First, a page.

Katie is some sportswom­an, for she has represented Ireland at football on more than 40 occasions, and the former boxing world cham­pion Barry McGuigan no less, says she is phenomenal in a boxing ring, where at times she spars with men and is every bit as good, if not better.  He states that he is astonished by Katie, as her skill, power, speed, tech­nique and attitude are all top class and she is arguably the best pound-for-pound woman boxer in the world.

Women’s boxing may not be to my personal taste, but I’m probably being a di­nosaur and I should move with the times.  One thing is for sure, I would prefer to watch two equally matched amateur women boxers in a ring, who have to wear head and groin guards with the option of wearing breast pads for extra safety, along with a referee making sure that either one doesn’t take too much punishment, than the ugly sights – much too often nowadays – on televi­sion and in the newspapers, of young women punching and kicking hell out of each other in the early hours of the morning on the streets in the UK.  It’s very unlikely that any of them are trained boxers, for one thing is for certain, the sport enhances self esteem and reinforces virtues like courage, chival­ry and self control.  I doubt very much that a youngster learning boxing would be the type to try to kick some­one’s head in, carry a knife, or mug an old lady.  It looks as if women’s amateur box­ing at domestic and interna­tional level is here to stay.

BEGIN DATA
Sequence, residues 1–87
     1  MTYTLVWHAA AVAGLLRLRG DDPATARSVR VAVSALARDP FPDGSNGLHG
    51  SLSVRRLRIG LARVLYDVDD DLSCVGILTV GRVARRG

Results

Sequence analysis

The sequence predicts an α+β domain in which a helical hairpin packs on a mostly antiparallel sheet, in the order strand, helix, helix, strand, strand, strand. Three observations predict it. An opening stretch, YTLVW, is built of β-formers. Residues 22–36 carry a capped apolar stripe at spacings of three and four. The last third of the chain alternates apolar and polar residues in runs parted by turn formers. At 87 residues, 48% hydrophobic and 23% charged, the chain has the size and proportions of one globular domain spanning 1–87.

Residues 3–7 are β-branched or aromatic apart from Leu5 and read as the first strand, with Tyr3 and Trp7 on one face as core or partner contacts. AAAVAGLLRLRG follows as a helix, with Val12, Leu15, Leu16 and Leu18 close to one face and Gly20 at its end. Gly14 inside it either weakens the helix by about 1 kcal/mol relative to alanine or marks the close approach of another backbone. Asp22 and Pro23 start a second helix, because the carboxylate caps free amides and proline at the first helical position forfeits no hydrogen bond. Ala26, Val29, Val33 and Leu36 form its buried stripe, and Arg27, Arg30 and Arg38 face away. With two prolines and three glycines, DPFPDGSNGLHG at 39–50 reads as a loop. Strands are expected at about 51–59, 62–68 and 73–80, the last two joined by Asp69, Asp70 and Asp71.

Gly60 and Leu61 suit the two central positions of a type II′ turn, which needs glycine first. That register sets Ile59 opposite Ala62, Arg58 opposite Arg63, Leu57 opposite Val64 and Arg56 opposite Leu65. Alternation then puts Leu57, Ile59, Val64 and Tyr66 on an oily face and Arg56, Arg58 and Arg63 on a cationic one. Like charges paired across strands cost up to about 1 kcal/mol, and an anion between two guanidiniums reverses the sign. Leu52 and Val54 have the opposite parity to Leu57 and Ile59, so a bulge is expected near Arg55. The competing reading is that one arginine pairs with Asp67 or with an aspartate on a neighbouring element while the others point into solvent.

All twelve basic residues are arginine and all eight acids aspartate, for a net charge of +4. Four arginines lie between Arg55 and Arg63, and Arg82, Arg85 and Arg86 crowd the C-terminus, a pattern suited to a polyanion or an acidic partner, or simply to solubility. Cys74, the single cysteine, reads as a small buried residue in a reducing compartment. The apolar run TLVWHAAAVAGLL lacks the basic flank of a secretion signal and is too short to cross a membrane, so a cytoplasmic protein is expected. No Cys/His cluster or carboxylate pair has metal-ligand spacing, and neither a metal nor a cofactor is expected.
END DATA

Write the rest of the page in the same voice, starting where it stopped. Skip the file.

By George Reed

This article appears in the print edition 603 of Island Connections